One of the studies highlights nusinersen (Spinraza). This became the first FDA-approved drug for kids and adults with SMA almost a year ago . Nusinersen capitalizes on a redundancy in the human genome; it contains a second copy of the SMN gene, called SMN2. In fact, that second copy encodes the very same SMN protein. The trouble is that, the vast majority of the time, cells edit RNA transcribed from the SMN2 gene in such a way that a key segment gets left out. As a result, SMN2 fails to produce a protein that might rescue an individual whose SMN1 gene is not working.
That’s where nusinersen enters the picture. Nusinersen isn’t a typical drug. Rather, it’s made up of small single-stranded snippets of DNA, or oligonucleotides. Each is 18 nucleotides long and specially designed to bind to the SMN2 transcript in just the right spot. That “tricks” cells into producing the complete, functional SMN protein from the backup gene. In fact, this strategy arose directly from that earlier NIH push for targeted SMA research!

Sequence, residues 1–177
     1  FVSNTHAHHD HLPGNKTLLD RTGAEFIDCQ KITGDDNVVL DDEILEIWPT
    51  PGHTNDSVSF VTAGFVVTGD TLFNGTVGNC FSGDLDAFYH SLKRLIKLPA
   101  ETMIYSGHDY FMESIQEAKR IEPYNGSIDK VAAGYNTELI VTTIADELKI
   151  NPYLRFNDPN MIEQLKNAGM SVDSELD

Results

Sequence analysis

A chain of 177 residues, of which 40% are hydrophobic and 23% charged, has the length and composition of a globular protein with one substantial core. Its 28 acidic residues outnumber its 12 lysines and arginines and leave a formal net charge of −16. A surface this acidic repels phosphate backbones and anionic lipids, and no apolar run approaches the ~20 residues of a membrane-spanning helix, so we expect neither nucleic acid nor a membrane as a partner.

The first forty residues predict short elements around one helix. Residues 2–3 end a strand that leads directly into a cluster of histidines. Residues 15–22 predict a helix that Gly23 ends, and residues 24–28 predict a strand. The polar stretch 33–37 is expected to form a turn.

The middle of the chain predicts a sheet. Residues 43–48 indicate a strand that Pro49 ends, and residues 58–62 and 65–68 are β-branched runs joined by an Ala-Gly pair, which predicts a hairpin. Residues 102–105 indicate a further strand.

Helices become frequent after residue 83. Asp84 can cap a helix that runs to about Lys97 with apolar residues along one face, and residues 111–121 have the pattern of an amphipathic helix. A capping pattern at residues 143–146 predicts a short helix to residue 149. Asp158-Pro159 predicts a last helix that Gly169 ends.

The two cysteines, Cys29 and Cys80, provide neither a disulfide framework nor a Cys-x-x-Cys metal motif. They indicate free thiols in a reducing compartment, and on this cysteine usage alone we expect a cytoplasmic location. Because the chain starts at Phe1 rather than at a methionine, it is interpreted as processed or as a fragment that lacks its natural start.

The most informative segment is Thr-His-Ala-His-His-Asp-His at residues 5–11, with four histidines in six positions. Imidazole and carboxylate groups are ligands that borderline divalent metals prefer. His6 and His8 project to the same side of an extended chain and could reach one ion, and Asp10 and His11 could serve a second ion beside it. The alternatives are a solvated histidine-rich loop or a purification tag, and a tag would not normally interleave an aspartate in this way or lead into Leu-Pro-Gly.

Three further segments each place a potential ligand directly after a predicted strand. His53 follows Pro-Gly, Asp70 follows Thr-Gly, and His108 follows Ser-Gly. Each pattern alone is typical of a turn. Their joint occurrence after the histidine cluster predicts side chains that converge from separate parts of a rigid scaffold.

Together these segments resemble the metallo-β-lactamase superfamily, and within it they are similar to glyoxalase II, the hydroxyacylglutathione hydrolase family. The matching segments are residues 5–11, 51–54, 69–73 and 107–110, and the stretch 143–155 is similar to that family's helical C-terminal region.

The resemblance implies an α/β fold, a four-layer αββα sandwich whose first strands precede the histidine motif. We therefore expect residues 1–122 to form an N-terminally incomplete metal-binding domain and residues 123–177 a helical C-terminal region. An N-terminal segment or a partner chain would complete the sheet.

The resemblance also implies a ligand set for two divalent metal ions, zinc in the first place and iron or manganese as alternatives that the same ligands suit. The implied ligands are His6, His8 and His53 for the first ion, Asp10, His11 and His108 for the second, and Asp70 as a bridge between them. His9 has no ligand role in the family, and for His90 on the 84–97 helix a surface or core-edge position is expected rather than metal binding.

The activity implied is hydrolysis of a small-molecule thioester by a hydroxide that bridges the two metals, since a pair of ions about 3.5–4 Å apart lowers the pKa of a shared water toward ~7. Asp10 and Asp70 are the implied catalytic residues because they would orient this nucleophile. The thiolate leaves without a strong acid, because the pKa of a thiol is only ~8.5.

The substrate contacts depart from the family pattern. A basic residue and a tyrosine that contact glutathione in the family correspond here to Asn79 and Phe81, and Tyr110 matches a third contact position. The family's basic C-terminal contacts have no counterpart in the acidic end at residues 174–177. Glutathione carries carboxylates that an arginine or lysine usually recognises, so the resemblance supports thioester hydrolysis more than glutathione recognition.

The strategy caught the attention of Ionis Pharmaceuticals and later Biogen, and a clinical study of nusinersen was launched in older children with a less severe form of SMA. The drug had to be administered through a spinal tap, because the blood-brain barrier would otherwise prevent the drug from reaching the brain and spinal cord. The initial results looked encouraging.